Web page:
Resource Library

11 months 1 week
2015 / Word
The Malahat Nation requires the development creative information signage and display boards for stakeholder engagement sessions. This includes poster boards for larger community engagement meetings, small hand-out portfolios providing an individual overview of the project and how to find out more (website and key contacts). 
Resource Producer: Malahat Nation
11 months 1 week
2015 / Word
As part of the purchase of the Bamberton land comes the opportunity to work with Steelhead, an LNG corporation who is has announced a site (Bamberton) on the east coast of Vancouver Island. While this announcement was an excellent opportunity for the Malahat Nation, it formed only one part of the overall story and intent to purchase the lands adjacent to the Nation.
Resource Producer: Malahat Nation
1 year 2 months
2014 / PDF
This article discusses the obstacles to and supports for the implementation of the First Nations Principles of OCAP™, specifically in the context of data holdings within Aboriginal Affairs and Northern Development Canada (AANDC) and the Government of Canada. It cites three types of barriers (legal, knowledge and capacity, and institutional) that obstruct OCAP™ and examines how federal legislation...
Author(s): First Nations Information Governance Centre
1 year 2 months
2015 / PDF
Indigenous peoples are addressing the ongoing impacts of settler colonialism through a variety of expressions of community resurgence. Among these initiatives are those leveraging digital technologies. In the emergent network society, digital infrastructures, and information and communication technologies are powerful tools that can support self-government. In this context, we document the...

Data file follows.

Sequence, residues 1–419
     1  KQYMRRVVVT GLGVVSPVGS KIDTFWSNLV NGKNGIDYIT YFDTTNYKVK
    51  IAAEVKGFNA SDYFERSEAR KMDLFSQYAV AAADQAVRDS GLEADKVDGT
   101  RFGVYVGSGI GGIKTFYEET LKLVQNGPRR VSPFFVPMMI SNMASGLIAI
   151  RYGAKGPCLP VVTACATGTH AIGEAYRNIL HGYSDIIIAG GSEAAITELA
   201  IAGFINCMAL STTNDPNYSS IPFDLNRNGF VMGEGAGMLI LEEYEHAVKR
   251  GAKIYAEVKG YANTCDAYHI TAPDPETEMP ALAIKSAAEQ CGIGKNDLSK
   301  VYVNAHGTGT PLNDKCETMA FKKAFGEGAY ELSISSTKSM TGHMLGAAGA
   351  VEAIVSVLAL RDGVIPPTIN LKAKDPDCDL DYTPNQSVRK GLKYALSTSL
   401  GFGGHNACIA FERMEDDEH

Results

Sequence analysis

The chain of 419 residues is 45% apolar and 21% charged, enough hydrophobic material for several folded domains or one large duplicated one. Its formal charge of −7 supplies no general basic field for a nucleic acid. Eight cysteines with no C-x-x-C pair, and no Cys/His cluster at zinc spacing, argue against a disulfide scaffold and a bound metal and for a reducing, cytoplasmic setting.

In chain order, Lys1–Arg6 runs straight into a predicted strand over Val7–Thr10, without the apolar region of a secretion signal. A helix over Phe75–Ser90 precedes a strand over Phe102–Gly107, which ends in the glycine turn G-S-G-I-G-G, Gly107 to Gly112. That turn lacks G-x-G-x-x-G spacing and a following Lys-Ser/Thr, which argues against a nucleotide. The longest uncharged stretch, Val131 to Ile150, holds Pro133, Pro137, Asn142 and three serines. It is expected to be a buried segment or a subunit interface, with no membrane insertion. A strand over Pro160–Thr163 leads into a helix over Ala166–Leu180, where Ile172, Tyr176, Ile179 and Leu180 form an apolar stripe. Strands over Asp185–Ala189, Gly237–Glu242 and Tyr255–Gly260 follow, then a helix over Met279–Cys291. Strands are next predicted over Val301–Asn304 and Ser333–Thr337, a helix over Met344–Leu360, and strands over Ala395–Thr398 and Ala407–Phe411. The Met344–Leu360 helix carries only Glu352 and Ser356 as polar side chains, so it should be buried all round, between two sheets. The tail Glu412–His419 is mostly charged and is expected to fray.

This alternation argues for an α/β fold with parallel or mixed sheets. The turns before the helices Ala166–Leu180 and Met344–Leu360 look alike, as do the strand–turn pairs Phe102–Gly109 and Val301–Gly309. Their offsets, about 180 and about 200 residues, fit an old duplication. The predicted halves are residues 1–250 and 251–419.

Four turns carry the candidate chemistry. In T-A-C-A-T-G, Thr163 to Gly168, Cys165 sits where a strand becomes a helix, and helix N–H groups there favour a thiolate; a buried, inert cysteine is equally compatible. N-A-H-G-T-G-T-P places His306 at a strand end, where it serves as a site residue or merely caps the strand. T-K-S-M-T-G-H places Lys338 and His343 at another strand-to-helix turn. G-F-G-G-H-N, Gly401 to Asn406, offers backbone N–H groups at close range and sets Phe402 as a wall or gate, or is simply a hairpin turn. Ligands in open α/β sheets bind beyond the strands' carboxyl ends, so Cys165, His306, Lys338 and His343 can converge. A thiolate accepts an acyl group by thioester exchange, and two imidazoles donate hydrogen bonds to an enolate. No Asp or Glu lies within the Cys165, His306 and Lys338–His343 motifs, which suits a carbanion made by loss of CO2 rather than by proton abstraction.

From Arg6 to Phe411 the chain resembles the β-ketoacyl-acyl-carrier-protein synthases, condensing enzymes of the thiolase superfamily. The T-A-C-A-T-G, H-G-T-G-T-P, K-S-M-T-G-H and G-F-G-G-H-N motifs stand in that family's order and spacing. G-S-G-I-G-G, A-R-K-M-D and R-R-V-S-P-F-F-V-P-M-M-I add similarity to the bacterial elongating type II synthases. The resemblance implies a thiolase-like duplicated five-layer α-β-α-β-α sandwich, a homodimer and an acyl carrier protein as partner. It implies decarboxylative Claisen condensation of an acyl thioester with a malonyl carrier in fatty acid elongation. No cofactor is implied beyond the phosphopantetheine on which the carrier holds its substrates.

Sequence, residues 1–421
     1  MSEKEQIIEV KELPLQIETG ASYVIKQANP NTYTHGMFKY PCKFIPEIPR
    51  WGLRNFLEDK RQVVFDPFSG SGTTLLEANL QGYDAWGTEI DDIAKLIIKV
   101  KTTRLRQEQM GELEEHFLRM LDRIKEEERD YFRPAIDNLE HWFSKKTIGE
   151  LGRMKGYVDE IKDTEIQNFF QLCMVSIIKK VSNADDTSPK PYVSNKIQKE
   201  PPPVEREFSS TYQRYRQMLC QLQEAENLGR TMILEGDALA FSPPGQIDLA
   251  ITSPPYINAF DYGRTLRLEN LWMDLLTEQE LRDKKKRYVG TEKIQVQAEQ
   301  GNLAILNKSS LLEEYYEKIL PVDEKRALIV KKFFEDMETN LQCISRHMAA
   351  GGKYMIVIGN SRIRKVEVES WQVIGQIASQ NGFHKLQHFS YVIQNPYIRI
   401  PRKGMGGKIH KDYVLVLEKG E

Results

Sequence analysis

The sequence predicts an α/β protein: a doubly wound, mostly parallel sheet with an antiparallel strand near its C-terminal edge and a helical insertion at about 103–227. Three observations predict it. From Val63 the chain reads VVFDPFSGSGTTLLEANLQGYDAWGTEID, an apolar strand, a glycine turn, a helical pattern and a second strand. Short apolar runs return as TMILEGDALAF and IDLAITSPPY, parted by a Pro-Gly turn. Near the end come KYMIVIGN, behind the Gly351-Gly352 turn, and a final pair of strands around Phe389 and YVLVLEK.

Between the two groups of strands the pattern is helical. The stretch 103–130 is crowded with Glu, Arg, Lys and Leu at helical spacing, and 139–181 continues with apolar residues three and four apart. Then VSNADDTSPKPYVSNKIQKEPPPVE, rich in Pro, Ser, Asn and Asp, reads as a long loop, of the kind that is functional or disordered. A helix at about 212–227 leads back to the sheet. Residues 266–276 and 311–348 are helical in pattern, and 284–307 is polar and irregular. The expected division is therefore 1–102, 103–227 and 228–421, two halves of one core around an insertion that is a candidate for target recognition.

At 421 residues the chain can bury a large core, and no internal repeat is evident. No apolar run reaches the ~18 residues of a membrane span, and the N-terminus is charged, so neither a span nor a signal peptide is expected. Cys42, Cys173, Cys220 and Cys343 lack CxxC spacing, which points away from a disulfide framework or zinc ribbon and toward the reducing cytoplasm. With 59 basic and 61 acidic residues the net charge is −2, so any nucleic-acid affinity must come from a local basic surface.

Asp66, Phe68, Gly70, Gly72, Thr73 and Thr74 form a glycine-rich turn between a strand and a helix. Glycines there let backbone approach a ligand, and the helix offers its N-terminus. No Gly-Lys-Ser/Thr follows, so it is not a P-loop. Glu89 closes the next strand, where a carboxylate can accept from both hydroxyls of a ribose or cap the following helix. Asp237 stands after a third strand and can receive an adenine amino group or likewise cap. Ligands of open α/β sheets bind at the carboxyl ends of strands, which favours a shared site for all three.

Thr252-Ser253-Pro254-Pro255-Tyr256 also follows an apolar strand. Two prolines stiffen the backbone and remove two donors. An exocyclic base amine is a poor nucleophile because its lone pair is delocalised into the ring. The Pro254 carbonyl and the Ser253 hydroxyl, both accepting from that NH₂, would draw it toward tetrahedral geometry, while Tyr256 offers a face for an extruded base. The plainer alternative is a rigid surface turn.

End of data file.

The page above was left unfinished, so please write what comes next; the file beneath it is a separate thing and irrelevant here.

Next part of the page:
Author(s): Rob McMahon, University of Alberta, Tim LaHache, Kahnawà:ke Education Center, Tim Whiteduck, First Nations Education Council
1 year 3 months
2014 / PDF
This Financial Policy is designed to:a. Regulate the receipt, management and expenditure of TG funds;b. Provide all TG employees with direction and guidance in connection with TG accounting transactions, procedures and reports;c. Ensure that TG finances are administered in a manner that encourages:i. Sound financial management and an effective system of internal controls;ii. Effective and...
Resource Producer: Tl’etinqox-T’in Government Office
Author(s): Tl’etinqox-t’in Government
1 year 8 months
2005 / PDF
Employers today face potential liability from a number of fronts. For example, employers can be held liable for improperly hiring, firing, demoting or transferring employees. They can face sanctions for failing to comply with legislated minimums, such as wages, vacation time, and medical, disability and parental leaves. Employers may also be held responsible for the actions of their employees,...
Author(s): Eamon Murphy and Kathryn Deo, Woodward & Company
1 year 8 months
2015 / PDF
Media plays an integral role in (re)producing our social construction of reality. When viewed in light of Canada’s colonial legacy, media’s power has undoubtedly been implicated in circumscribing Indigenous peoples and Indigenous–settler relations. Employing a discourse analysis of mainstream media covering the recent (2011) implementation of a comprehensive land claims agreement in British...
Author(s): Vanessa Sloan Morgan Queen's University; Heather Castleden Queen's University
1 year 8 months
2008 / PDF
This paper will focus on the human resources challenges that face First Nations communities and their governments in rebuilding their capacity for good governance and in meeting their sovereign obligations. The vision that First Nations people see where they are self-sufficient, autonomous and significant contributors to society requires a paradigm shift for the federal government in its Indian...
Resource Producer: National Centre for First Nations Governance
Author(s): Richard Missens
1 year 8 months
2008 / PDF
“Capacity Building”. Everyone is talking about it. Sometimes it seems like it is the latest buzz word. Usually it is used in the context of “we need to build capacity”. Sometimes it is used as an excuse for inaction like “they don’t have the capacity”. Does capacity building unfairly target First Nations? Trying to define it seems like trying to pin Jell-O to the wall. And yet, the concept has...
Resource Producer: National Centre for First Nations Governance
Author(s): BCTC CONFERENCE

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